If life can be described in periods (and life is described that way all the time) then the period I am entering, as of today, might be called the "toothless" period. Today's trip to the hospital for physical therapy included a visit to their dental clinic to have a tooth extracted, an upper secondary molar to be exact. It is only the second time I have had to give up a permanent tooth, and I cannot say that it was without regret that I did so today. The first one I lost was an accident, delivered in the form of a piston sized spring loaded tripod that I knew little about but felt compelled to play with all the thingamajigs attached thereto anyway. That is until I found the release of the spring just as I was bent over the device. The front tooth thus lost, to the effect of my sudden transformation into looking like a hockey player, was replaced by an artificial one that still stands proud and ready to rip meat. The offending tooth extracted today had previously been broken, and I have known for a long time that it would eventually lose it's bony grip. The tooth that appeared on the tray after a deft procedure by the dentist, was rather long. Perhaps I should amend my label for this period of life to "longtooth". That has a certain primitive ring to it and I rather like it. I thought about these things during the taxi ride back to the apartment all the while clamping down on a hunk of gauze provided to stop the bleeding.
Only after I resettled in the apartment, and began to contemplate which pain killer I would take, did I read the instructions provided by the dental office on the care and healing of the wound left in the now unoccupied space in my mouth. Several chunks of the tasteless gauze were provided along with the following instructions:
"Bite the gauze firmly for 1 to 1 1/2 hours for baby tooth to help stop bleeding. If bleeding persists, change to new gauze and continue biting for another 1/2 to 1 hour, or until breeding stops."
So, I guess I could interpret the instructions as a recommendation that no more breeding was desirable, which I further assume is advise designed to avoid birthing any new baby teeth. Surely I was given the wrong instructions I thought. Certainly that long hunk of ivory that lay on the stainless tray in the dental surgery when I last bid it a final goodbye could not be confused with a baby tooth. At least not from any baby I would care to see.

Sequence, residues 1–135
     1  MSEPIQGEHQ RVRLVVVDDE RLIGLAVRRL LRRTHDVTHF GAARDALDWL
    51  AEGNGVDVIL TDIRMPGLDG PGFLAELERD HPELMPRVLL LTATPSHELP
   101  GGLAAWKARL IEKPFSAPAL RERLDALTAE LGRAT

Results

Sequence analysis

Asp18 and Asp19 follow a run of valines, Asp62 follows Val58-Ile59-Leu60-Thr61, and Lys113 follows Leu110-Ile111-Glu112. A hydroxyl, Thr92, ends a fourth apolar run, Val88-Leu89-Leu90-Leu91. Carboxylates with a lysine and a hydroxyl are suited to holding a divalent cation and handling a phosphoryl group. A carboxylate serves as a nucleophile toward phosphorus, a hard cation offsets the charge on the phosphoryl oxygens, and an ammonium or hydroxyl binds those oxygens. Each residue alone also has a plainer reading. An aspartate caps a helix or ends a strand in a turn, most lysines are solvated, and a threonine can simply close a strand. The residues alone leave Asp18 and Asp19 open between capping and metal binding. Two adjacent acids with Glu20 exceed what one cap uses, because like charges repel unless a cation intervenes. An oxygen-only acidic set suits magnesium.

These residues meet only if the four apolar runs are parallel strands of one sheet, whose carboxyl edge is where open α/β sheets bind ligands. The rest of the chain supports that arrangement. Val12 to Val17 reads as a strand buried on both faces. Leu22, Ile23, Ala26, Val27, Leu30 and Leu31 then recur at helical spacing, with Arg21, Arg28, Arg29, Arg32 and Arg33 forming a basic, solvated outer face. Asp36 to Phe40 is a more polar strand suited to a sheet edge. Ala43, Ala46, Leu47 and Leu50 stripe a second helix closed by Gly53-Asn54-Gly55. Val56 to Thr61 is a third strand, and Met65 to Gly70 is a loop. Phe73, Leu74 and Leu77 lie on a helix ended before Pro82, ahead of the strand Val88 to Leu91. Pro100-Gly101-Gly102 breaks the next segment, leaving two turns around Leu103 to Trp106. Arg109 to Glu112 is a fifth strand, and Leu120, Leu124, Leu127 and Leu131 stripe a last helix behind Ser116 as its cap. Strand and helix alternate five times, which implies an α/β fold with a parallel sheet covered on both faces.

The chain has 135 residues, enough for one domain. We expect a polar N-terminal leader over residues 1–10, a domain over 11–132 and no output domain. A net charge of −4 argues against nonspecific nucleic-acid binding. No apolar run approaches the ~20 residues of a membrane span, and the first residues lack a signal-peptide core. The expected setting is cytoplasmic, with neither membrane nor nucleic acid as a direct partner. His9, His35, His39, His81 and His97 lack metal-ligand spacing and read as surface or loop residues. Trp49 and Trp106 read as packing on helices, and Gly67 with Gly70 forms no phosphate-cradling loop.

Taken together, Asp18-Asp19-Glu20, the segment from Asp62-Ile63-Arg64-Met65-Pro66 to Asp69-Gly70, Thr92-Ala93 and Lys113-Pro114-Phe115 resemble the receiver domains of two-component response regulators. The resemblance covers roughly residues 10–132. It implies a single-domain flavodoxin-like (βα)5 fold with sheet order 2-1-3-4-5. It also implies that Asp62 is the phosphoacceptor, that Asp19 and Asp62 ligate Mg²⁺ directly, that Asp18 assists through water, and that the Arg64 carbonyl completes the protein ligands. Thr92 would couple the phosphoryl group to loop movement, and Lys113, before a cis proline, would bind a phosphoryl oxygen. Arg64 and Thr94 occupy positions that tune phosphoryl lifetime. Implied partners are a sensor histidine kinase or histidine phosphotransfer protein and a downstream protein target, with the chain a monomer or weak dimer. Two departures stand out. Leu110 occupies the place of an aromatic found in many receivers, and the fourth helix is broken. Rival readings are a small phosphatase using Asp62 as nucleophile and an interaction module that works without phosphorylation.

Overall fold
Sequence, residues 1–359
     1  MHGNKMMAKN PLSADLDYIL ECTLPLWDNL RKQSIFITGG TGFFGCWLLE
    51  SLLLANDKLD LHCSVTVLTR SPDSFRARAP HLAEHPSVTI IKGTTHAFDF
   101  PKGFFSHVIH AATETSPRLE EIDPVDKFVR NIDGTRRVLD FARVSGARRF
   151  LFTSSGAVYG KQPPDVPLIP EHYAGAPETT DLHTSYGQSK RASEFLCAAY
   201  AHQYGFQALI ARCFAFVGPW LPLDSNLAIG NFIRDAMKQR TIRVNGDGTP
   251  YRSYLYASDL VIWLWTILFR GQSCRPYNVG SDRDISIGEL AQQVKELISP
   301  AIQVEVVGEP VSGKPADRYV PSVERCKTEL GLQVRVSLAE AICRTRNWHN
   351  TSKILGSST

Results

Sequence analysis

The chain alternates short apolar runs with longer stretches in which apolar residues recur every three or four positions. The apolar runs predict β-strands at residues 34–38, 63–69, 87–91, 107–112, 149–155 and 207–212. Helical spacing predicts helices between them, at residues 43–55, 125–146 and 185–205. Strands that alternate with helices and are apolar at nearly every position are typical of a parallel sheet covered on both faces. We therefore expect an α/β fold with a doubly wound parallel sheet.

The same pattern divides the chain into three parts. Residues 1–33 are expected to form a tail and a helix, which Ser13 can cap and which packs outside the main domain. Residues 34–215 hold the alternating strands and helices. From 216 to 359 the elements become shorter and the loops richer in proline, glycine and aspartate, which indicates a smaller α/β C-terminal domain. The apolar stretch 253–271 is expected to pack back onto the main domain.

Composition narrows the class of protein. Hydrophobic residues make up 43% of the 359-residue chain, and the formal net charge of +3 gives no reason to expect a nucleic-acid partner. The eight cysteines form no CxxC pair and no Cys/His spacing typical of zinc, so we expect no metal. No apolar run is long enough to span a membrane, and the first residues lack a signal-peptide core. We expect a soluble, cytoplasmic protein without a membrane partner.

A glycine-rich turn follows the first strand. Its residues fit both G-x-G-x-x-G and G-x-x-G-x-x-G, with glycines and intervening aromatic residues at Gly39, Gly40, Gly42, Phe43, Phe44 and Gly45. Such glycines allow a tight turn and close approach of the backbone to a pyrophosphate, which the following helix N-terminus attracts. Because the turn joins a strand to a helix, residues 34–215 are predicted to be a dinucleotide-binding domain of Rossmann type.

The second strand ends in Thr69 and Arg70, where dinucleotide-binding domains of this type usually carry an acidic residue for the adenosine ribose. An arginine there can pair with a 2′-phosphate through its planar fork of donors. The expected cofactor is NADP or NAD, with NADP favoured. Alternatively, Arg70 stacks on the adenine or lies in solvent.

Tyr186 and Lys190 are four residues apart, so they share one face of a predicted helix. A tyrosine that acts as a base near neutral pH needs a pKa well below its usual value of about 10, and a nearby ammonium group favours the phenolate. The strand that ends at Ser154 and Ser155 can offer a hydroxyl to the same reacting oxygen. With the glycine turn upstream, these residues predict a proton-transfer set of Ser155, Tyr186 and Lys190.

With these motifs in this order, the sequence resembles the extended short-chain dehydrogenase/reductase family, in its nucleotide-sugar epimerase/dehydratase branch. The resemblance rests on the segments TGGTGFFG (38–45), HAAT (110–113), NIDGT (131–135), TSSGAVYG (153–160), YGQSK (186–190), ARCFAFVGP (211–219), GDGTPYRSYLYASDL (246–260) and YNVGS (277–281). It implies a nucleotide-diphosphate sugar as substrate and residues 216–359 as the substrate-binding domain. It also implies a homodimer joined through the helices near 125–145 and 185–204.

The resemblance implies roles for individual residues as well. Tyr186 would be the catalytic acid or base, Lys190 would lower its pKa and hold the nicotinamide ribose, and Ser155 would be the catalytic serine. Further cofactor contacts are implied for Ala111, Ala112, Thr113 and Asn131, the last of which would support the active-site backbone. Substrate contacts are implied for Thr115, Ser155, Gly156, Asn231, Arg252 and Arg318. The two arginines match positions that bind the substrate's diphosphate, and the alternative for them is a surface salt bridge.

There were no clues in the ensuing sentence on the instruction sheet which only suggested that I avoid "toughing the wound". I can vouch for the fact that I will avoid anything like "toughing" this wound for at least several hours. I am not sure what "toughing" the writer had in mind but the word raises mental images of sintering or repeated striking with a cinder block the why that karate enthusiast are alleged to do. In fact, I was thinking that about the only thing this wound might be exposed to for at least this evening is the eight year old Cuban rum I favor and some nice salty (and soft) chicken porridge. Since the "Big Lebowski" is on HBO tonight I think I can make it through the evening, without thinking about the missing tooth or whether I should have saved it for the tooth fairy, but I'll bet it would have fetched more than a quarter.
P.S. Expatriates and Western visitors get no end of amusement from the kind of "English-as-a-second language mistakes that appear in this part of the world. While we can be rational, and understanding human beings, lets face it, when something strikes your funny bone it is very difficult to be gracious. We know that our hosts are far superior to us who refuse to learn a second language in any communicable form. We also know that we provide no end of hilarity to them through our frequent misguided faux paux here. However, the use of English, especially in Asia, is just too ripe to not find humor in thereof. In fact, we have a name for it apparently. It is called "Engrish" and there is a whole website dedicated to examples of it. Enjoy. By the way, when I have my libation tonight, I think my toast will be..."may the next loss of a tooth take so long".